Kevin Standlee (kevin_standlee) wrote,
Kevin Standlee

Putting SMOFCon 28 to Bed

This afternoon I skipped the panel I wanted to attend ("The Unopposed Worldcon Bid Effect"), but I felt rather obliged to go to "10 Things I Wish I’d Known Before I Chaired a Worldcon." SMOFCon is one of the highest concentrations of former Worldcon chairs outside of the Old Pharts' Party at Worldcon itself. I may have missed someone, but I counted 13 former chairs and 2 current chairs. (I count each individual as 1 regardless of how many Worldcons s/he chaired or co-chair status, but only count those who were chairs at the time of their Worldcon.) That means a full 10% of the people at SMOFCon 28 are current or past Worldcon chairs.

For the list of things that we came up with, see my writeup on the panel, which is the first program write-up that I've posted. We plan to post all of the writeups I receive as I find the time for them.

About 3 PM, I got a call from the Chairman, who realized that none of the paper handouts said where the 4 PM Feedback session was. I quickly popped down to the business center and printed a bunch of signs that said "Feedback Session/4 PM Grand Ballroom," and while Lisa ran up to the Grand Suite and posted some there, I posted some on the easel signs on the second floor function rooms, the Grand Ballroom itself, and the easel sign sitting by the former Registration table. (We didn't bother staffing Registration on Sunday. By the way, we had 147 total SMOFCon members, out of which 139 actually attended; out of these, 27 joined at the door.)

I sat in the Feedback Session and live-tweeted the feedback statements (look for #Smofcon), while Lisa videoed the session. I have a lot of editing work to do before I can post the video.

Most of the feedback surrounded the Open Space Programming experiment. I expected complaints, and there were indeed problems with the venue that we knew were problems. This was forced upon us by us being squeezed out of our desired space by better-paying banquets. What I didn't expect was how many people — mostly the younger members, although that's not universally the case — were actually highly enthusiastic and happy about the OSP. One of the comments I remembered was, approximately, "I got to actually lead a program item that I don't think would even have been on the program under any other system. It was empowering." But I bet that if you polled only those people who have attended more than ten SMOFCons, it would have been about 3-to-1 against ever trying this again.

People liked the hotel, and I've come to like it myself. It's almost exactly right for a meeting of our size. We also don't seem to have been raked over the coals about the need to use Room K across the street in the Convention Center for the "Fannish Inquisition." Actually, my overall feeling about the feedback was that I was expecting pitchforks and flaming torches and instead we got some rather justified grumbling over a facilities issue that we knew was going to be a problem and about which we really couldn't figure out any better solution.

Martin Easterbrook from the newly-seated SMOFCon 29 was on the head table for this event and was taking notes for next year's SMOFCon. SMOFCon 28 also announced that, due to higher-than-expected at-the-door registrations, we expect to be able to donate US$1200 to SMOFCon 29 — a kind of "Pass-Along Funds" for SMOFCon. We also donated the two cases of chips that we bought to next year; Steve Cooper and drplokta each volunteered to carry one of the approximately 4 kg cases home in their luggage. I offered to run another tournament next year if I'm able to attend. (And we'll have to find people to carry the cases back to SMOFCon 30, of course, if this becomes a Tradition.)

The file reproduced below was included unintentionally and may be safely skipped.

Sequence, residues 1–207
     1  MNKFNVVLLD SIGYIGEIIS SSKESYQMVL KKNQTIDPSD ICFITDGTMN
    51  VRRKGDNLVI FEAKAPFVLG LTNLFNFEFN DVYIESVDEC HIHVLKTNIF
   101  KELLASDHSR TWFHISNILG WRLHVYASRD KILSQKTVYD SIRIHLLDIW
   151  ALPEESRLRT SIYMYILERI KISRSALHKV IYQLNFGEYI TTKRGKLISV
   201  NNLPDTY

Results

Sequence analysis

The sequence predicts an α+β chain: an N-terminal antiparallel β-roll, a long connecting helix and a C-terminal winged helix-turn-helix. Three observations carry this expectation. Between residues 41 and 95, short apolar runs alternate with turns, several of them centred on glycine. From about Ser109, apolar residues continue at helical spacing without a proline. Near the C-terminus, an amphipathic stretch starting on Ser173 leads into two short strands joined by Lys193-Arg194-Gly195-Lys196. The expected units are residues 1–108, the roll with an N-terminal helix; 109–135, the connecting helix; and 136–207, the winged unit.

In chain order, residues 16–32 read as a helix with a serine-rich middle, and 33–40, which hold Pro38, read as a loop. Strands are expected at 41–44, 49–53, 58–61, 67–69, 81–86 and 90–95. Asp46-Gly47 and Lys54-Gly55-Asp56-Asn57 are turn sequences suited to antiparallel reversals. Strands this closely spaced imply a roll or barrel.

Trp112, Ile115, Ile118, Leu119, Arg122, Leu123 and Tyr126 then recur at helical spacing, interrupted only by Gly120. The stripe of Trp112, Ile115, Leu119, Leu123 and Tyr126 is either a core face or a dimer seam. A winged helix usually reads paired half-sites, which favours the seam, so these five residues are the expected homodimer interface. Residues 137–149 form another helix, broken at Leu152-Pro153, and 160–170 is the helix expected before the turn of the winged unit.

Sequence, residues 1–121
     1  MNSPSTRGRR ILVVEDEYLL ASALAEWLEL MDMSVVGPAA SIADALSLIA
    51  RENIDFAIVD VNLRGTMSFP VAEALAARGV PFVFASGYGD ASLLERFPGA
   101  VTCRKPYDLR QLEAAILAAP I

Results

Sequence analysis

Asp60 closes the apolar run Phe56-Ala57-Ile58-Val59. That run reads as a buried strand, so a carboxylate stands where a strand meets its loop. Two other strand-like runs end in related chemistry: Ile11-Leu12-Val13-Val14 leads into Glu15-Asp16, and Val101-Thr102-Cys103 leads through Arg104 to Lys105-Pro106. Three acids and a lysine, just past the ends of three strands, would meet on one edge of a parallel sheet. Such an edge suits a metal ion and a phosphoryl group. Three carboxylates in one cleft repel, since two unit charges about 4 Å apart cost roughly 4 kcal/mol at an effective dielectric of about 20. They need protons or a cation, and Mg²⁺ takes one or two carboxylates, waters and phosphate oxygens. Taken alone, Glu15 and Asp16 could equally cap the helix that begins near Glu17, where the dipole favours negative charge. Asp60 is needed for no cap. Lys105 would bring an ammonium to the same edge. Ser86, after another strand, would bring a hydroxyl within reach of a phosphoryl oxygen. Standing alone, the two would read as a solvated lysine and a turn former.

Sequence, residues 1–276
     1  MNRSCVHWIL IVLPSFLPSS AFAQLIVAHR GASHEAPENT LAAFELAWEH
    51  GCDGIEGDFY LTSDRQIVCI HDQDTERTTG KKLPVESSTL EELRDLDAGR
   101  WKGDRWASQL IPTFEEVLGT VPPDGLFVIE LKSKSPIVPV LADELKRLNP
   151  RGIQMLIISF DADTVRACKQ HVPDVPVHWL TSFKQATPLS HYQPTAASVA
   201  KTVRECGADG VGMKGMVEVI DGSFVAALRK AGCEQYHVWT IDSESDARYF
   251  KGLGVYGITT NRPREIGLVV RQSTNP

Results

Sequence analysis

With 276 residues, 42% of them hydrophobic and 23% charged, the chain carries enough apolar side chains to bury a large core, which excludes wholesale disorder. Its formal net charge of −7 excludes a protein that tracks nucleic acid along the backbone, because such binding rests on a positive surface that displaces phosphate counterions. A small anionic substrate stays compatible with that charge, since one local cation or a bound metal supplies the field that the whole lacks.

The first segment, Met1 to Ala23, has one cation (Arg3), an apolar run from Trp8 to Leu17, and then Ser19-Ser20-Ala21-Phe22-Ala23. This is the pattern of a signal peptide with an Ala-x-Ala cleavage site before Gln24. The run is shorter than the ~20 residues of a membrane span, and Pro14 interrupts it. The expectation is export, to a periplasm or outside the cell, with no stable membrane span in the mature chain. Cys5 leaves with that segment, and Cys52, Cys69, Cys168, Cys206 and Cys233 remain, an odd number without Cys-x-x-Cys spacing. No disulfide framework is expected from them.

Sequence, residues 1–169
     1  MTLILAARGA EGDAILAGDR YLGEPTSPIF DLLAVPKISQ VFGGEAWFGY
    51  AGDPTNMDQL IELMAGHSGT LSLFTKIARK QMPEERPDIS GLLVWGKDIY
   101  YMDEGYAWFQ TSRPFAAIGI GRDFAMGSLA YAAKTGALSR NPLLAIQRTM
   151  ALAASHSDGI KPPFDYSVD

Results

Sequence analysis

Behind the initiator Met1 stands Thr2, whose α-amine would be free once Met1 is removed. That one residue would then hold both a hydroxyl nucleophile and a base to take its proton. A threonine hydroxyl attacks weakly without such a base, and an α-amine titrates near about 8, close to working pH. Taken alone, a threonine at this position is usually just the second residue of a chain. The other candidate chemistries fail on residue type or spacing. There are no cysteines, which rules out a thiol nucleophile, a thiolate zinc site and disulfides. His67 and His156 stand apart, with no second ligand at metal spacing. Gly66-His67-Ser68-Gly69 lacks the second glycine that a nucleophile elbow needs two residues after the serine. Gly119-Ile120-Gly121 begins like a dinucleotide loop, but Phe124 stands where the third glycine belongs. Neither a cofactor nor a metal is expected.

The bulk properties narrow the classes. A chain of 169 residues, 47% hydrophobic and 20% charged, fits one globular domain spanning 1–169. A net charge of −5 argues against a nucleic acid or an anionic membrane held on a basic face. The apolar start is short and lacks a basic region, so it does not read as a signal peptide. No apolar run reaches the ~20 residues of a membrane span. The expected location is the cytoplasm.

And then the convention was officially over. The Hospitality Suite remained open, though, and many people were staying over tonight (including me). Lisa invited Bill Parker to join us for dinner at Original Joe's, just a block from the hotel. (It had started raining, and we had no enthusiasm for going very far.) It was the first time I'd eaten there since during ConJosé. They still serve very generous portions. Bill couldn't finish all of his calamari steak, while Lisa had to get her calamari steak sandwich in a take-out box. I ate all of my spaghetti and sausage, but it was a lot of food. We sort of waddled back to the hotel after an enjoyable dinner and good relaxed conversation — something I rarely have an opportunity to do outside of events like this.

I hung around the Con Suite until about 10:30 PM, when I bade those left good night and headed back to the hotel room. Lisa had already started winding down. I decided I wanted some milk for my breakfast cereal tomorrow, but realized that the nearby Market by Safeway closed at 11 PM. I tossed on my coat, headed for the elevator, and trotted over the four blocks to the grocery. I was back in the hotel room a mere 17 minutes after I left, but my legs hurt from the fast walking.

Now we're trying to wind down sufficiently to get to sleep. Lisa is not feeling very well at all, and we do need to be up and out of here early enough Monday so that she can get her pickup truck from my office and get out of the Bay Area during the mid-day traffic lull. She has a long drive ahead of her tomorrow.

I agreed to pick up several SMOFCon attendees from the hotel Monday evening and take them to the BASFA meeting that evening. Some of them have been at BASFA meetings before, but always those at a convention, not those at the "home" location.

It feels like I'm leaving things out, but it is once again very late, and while I'm taking tomorrow off, I don't know how much rest, if any, I'm going to to get.

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